like bars on a cracked window
like an egg in the round part of a silver spoon
a meal for two minus one
i know now that it should be enough
to be of a pepper grinder with earthquake in the belly
so take my hand
and let them burn in my wildfire
burn in this wildfire
i have been burned by this wildfire


Maya Savin Miller’s writing has appeared in Cargoes, Up North Lit, Hadassah, Battering Ram Journal, Bluefire, Skipping Stones and jGirls Magazine. Her work has been recognized by Princeton, Hollins, Columbia, Rider, Scholastic, Library of Congress, Skipping Stones, Blank Theatre Playwrights Festival, and Leyla Beban Foundation. She was a 2020 finalist for L.A. Youth Poet Laureate.


Standing By

Detroit, halfway, I waited
for my flight that wouldn’t leave
for over an hour. A woman
was working the gate,
took worries and questions.
“Is this my flight?” It is.
“Do I need to check-in?” No,
you have your boarding pass.
She smiled, was polite, even bent
down to distract a crying baby,
What a sweetie, how old?
When she left, she passed
so close that I could see where
her makeup ended, could see
the hair-sprayed brushstrokes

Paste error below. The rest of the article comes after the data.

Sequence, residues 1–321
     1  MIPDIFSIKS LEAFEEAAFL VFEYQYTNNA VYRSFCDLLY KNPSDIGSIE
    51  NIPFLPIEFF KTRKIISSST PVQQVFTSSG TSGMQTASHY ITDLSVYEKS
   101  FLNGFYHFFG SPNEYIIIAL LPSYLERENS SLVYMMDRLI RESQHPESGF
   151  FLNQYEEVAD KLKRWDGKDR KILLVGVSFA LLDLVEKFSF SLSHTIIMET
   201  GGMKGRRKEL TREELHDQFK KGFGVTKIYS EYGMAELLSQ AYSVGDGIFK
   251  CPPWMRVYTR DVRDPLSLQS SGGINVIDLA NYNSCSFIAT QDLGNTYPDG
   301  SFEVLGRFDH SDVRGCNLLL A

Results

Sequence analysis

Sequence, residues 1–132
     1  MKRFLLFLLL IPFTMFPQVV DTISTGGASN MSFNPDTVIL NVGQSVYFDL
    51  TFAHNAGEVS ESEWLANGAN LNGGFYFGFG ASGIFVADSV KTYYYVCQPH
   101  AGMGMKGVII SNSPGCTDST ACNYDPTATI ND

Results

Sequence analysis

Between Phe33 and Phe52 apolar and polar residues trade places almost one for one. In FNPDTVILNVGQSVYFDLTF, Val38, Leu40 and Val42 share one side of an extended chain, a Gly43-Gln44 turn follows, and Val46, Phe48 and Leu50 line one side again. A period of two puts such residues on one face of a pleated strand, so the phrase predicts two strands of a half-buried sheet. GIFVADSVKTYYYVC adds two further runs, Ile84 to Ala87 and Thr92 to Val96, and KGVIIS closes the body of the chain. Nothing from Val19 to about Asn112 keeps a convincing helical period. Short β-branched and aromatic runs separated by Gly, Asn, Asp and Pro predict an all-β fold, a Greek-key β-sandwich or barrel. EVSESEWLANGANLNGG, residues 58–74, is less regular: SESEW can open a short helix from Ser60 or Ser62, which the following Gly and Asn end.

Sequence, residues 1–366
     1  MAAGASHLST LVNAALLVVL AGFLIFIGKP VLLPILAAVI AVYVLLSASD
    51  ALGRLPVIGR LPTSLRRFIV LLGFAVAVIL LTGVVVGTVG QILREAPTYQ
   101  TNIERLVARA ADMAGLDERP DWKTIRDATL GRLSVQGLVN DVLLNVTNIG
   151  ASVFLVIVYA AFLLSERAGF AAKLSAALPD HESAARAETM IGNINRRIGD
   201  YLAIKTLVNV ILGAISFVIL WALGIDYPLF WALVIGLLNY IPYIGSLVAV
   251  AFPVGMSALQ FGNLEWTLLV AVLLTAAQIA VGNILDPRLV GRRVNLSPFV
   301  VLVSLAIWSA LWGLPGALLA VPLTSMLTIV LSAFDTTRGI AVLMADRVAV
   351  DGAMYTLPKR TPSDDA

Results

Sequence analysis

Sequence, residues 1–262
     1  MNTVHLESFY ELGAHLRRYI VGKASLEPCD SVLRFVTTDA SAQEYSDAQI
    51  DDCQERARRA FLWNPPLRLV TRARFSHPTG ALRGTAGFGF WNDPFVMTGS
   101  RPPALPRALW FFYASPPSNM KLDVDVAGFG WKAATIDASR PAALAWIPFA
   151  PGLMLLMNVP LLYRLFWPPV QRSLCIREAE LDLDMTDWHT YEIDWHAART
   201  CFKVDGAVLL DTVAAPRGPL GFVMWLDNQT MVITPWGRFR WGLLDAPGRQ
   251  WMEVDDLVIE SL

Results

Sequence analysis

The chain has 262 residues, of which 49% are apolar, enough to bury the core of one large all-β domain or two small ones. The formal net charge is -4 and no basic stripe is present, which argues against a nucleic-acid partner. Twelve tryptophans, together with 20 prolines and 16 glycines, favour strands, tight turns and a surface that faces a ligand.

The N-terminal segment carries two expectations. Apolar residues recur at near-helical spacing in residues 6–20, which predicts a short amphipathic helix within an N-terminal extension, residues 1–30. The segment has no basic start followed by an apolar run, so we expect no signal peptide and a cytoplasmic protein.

in her hair. The ironed creases
in her pants were almost gone,
the back of her blouse wrinkled.
I noticed her foot: strapped
in a dark-blue shoe, closed at the toe
and open at the back. She wore
a thin, black sock, and her foot
tilted, sagged off to the side
like an old tire gone soft. My feet,
too, are a bit off kilter: each shoe
wears out on the heel’s edge
though I can never recall
walking that way. My father also
was on his feet too much; his work
shoes wore out lopsided
from walking the length
of a loud, lousy bar every day.
Sometimes his leg would cramp
so tight he’d wake up yowling,
and it would wake us. We’d hear
the muffled soothe of my mother,
calm as a medic, talking him through it
while she held and kneaded
the back of his leg, loosening
that fist of muscle that struck
as he slept and left him like a boy,
begging for the mercies.


Matthew Murrey’s first book of poetry, Bulletproof, was published by Jacar in February 2019. Poems have recently appeared in Aquifer, Split Rock Review, and Escape Into Life. He received an NEA Fellowship in Poetry a while ago. He is a high school librarian in Urbana, Illinois.


In The Morning

A man comes up to where I am sitting by the water
and asks me for a cigarette.
I say I have one but no match
I just used my last match,
he says he’ll take it anyway.

He asks for fish and tackle
I tell him I have an old Shakespeare rod
I got at a garage sale
but the reel jams